James Ray drops appeal of negligent homicide conviction

VVN file photo by Jon Pelletier<br>
James Ray after his arrest in February 2010. Convicted of negligent homicide in the deaths of three people in a sweat lodge near Sedona, Ray recently dropped his appeal.

VVN file photo by Jon Pelletier<br> James Ray after his arrest in February 2010. Convicted of negligent homicide in the deaths of three people in a sweat lodge near Sedona, Ray recently dropped his appeal.

PRESCOTT - Just weeks after his release from prison, James Arthur Ray, the self-help speaker and author who was convicted of negligent homicide over the deaths of three people at a sweat lodge ceremony he conducted in October 2009 near Sedona, has withdrawn his appeal of that conviction.

In documents filed with the Arizona Court of Appeals Thursday, Ray, 55, signed an affidavit stating that he wishes to "avoid any possibility of a retrial and a resentencing." He further states that he is "fully satisfied with my counsel's handling of the appeal and cross-appeal."

Ray was sentenced to three concurrent two-year terms with the Arizona Department of Corrections in November 2011, after a four-month trial that ended with his conviction for the deaths of Kirby Brown, Liz Neuman and James Shore. Brown, 38, and Shore, 40, died inside a massive tent on the grounds of the Angel Valley spiritual retreat center near Sedona, in which Ray presided over a ceremony that lasted more than two hours. Neuman, 49, who was a volunteer member of Ray's "Dream Team" and also took part in the ceremony, died nine days later in a Flagstaff hospital.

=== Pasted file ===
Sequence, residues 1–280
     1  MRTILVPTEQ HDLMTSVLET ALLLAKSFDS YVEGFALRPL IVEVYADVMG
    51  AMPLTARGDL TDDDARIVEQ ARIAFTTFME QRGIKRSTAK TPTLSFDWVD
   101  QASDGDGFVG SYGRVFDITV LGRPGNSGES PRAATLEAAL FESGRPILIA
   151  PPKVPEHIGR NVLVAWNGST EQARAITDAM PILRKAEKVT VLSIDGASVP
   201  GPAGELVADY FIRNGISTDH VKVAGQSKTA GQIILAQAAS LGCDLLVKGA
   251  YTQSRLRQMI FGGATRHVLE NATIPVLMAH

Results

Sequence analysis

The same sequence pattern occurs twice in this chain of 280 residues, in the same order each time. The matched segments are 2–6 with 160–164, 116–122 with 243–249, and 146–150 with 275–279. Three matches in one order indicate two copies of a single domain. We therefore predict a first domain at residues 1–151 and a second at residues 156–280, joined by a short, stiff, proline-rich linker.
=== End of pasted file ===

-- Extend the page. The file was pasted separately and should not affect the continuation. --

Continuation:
Ray was released from prison on July 12 of this year and his term of community supervision is scheduled to end in October.

His local attorney during the trial, Tom Kelly, said he was less than pleased with his former client's decision to abort the appeal. He said he met with Ray, who has remained in the Phoenix area pending the end of his parole, earlier this week.

"I was disappointed with his decision and I believe justice requires a resolution of the points raised on appeal," Kelly said.